They said he had a tough delivery and that he was a little shocked, but he’d be fine. His lungs weren’t unfurling like they were supposed to, but that could be due to the c-section.

Later, I learned, his head was stuck. Really, really, really stuck. The umbilical cord was wrapped around his neck, tightly. The placenta was at the top of my uterus, so there was a tug of war between my body and the doctor’s hands. The doctor had to rotate his body with his head still inside. His neck had a ring around it from the cord. To get him to breathe, they had to force air into him with the bag.


He needed oxygen, he was burbling tons of fluid, and he wasn’t perky, so they took him to the special care nursery where Archie was admitted. I wouldn’t nurse him for another six hours.

And then, the attention was turned to me. I was having complications of my own. It would be almost two hours until I was patched back together.

There was extensive scarring and adhesions binding my uterus and bladder together in several locations. They had to cut those away. During the process of freeing my bladder, it was cut and began to bleed. A lot. A bleeding, lacerated bladder was never on my radar, but hey. I signed the papers.

They had to fill it with blue dye after they stitched it closed to check for leaks, from what I understand.

About then, my spinal wore off.

I could move my feet and knees. I could feel two sets of hands tugging in opposite directions as they put my uterus, which had been completely OUT, back into my belly. I felt it, expressed my extreme dismay, and the anesthesiologist said he’d take care of it. Goodbye, Gretchen. I took a nap of sorts. I could hear things. I couldn’t open my eyes. I felt no pain after that point because they injected my open area with local anesthetics, apparently.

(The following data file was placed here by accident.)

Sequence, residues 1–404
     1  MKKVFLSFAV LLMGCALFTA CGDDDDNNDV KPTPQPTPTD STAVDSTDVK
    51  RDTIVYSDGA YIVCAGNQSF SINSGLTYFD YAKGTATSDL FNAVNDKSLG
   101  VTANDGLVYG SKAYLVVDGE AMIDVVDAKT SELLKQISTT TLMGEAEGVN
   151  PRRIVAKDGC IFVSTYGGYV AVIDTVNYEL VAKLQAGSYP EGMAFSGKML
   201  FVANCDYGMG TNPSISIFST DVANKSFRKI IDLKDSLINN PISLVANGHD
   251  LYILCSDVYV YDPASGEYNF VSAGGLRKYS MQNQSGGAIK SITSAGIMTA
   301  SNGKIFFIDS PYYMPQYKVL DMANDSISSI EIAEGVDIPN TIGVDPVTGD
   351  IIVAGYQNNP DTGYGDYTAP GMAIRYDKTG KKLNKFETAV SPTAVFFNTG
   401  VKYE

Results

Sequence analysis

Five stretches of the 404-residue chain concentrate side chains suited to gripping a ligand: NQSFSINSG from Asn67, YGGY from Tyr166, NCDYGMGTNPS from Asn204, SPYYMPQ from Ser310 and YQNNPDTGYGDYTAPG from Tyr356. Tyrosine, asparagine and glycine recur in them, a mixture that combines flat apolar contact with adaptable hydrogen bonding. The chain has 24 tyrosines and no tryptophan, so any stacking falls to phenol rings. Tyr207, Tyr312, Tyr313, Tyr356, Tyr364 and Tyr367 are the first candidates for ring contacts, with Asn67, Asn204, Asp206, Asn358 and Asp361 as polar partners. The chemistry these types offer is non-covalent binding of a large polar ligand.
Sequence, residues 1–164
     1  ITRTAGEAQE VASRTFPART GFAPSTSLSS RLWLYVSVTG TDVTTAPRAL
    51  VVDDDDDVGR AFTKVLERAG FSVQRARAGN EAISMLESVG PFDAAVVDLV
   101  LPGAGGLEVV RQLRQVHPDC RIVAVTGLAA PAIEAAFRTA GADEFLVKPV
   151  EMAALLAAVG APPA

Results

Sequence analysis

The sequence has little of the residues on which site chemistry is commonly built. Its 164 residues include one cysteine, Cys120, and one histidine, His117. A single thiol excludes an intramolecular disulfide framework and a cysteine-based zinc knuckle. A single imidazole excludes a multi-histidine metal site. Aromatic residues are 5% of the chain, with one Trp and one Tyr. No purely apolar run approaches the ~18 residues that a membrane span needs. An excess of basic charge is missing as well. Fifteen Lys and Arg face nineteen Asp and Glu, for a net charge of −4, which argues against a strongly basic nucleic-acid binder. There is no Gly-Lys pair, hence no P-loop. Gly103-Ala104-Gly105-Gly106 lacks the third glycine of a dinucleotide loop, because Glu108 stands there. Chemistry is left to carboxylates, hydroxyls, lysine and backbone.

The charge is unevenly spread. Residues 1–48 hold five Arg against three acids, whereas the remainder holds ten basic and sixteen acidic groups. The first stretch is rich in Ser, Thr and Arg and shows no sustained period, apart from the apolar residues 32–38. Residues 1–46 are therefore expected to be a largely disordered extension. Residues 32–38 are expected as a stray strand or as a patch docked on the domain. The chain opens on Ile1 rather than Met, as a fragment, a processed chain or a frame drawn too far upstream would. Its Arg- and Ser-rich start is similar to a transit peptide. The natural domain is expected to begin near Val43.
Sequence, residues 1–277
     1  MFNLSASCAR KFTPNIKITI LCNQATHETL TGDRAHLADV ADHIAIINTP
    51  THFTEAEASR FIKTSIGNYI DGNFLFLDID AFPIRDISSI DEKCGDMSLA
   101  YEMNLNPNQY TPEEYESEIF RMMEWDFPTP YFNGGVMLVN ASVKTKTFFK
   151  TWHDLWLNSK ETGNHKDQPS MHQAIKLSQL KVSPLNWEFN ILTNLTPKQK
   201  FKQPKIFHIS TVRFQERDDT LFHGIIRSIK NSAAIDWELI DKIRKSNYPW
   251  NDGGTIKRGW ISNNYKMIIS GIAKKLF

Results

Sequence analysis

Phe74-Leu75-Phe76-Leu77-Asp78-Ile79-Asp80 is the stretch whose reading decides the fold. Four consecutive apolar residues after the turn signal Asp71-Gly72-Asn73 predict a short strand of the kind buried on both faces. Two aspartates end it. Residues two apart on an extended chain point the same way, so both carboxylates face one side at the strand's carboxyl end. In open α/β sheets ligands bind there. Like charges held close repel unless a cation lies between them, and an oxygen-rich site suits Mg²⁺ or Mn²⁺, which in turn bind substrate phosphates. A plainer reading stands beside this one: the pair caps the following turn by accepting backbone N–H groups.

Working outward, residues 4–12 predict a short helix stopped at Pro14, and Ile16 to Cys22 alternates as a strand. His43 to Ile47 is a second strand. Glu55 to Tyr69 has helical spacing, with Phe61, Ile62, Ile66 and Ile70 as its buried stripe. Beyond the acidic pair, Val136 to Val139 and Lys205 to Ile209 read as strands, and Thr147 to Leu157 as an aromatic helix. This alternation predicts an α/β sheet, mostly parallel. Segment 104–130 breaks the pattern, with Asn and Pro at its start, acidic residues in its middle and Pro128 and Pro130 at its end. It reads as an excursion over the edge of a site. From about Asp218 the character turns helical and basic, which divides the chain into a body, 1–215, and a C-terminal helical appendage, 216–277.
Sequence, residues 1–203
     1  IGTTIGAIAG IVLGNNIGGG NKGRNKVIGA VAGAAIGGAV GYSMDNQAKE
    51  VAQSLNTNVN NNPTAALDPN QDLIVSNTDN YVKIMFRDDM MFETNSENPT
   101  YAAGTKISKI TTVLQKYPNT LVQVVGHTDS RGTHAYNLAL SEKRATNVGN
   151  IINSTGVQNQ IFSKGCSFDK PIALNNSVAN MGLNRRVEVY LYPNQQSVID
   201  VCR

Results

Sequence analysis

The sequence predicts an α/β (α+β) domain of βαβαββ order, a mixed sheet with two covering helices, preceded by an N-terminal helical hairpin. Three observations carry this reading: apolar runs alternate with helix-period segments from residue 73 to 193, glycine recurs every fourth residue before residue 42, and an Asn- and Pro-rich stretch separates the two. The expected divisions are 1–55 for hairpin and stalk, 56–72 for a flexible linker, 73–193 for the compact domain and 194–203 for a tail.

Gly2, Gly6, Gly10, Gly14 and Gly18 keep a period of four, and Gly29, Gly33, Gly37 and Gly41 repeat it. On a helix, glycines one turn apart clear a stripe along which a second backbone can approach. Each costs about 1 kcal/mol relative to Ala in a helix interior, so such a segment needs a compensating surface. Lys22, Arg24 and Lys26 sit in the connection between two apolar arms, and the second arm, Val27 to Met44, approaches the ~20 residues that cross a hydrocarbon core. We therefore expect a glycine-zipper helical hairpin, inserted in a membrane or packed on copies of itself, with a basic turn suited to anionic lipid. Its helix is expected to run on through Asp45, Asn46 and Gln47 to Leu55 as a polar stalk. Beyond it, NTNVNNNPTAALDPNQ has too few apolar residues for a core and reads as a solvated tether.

But we weren’t through!

When the surgical assistants were counting the instruments used during the delivery, they came up with one MORE than they counted before the surgery started. There was some debate over procedure when the count was off. Finally, the doctor, I believe, ordered that an x-ray be taken of my belly to make sure there were no instruments left behind even though there were more than originally accounted for per hospital policy. We had to wait around for a rolling x-ray machine to be brought in and positioned over me. No, I was not trying to smuggle a scalpel out via my handy dandy uterus.

In the meantime, my husband was with Theodore and was anxiously awaiting my arrival via rolling bed. He asked for my whereabouts. A nurse called the recovery room, assuming I would be there. But I wasn’t. There was much worry. He was taken back to the OR, where the doctor came out at one point to give him an update on why it was taking so bloody (ha! see what I did there?) long for them to get done.

Many hours later, the three of us were reunited. He was bathed, dressed, and ready to chow down. It was good. Theodore’s breathing was even and a little juicy, but okay. He latched on after 3 or 4 tries. It was the football hold that did the trick. It always does.

Theodore’s birthday was a doozy of a day. He’s a good, growing, healthy baby boy and I could not be more blessed.